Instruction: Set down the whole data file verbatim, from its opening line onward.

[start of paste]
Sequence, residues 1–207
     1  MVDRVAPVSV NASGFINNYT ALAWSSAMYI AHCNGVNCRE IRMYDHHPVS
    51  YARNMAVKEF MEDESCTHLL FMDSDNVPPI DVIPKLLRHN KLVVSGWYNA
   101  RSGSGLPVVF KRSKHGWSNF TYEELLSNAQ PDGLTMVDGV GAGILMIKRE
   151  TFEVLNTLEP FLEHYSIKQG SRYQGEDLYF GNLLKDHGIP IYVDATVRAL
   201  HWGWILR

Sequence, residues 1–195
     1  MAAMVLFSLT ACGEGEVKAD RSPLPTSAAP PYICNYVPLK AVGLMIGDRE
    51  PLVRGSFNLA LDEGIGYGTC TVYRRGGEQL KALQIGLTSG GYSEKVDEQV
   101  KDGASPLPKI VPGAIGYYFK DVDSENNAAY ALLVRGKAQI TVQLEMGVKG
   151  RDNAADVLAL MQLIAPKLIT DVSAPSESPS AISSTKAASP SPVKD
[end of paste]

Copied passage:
Sequence, residues 1–207
     1  MVDRVAPVSV NASGFINNYT ALAWSSAMYI AHCNGVNCRE IRMYDHHPVS
    51  YARNMAVKEF MEDESCTHLL FMDSDNVPPI DVIPKLLRHN KLVVSGWYNA
   101  RSGSGLPVVF KRSKHGWSNF TYEELLSNAQ PDGLTMVDGV GAGILMIKRE
   151  TFEVLNTLEP FLEHYSIKQG SRYQGEDLYF GNLLKDHGIP IYVDATVRAL
   201  HWGWILR

Sequence, residues 1–195
     1  MAAMVLFSLT ACGEGEVKAD RSPLPTSAAP PYICNYVPLK AVGLMIGDRE
    51  PLVRGSFNLA LDEGIGYGTC TVYRRGGEQL KALQIGLTSG GYSEKVDEQV
   101  KDGASPLPKI VPGAIGYYFK DVDSENNAAY ALLVRGKAQI TVQLEMGVKG
   151  RDNAADVLAL MQLIAPKLIT DVSAPSESPS AISSTKAASP SPVKD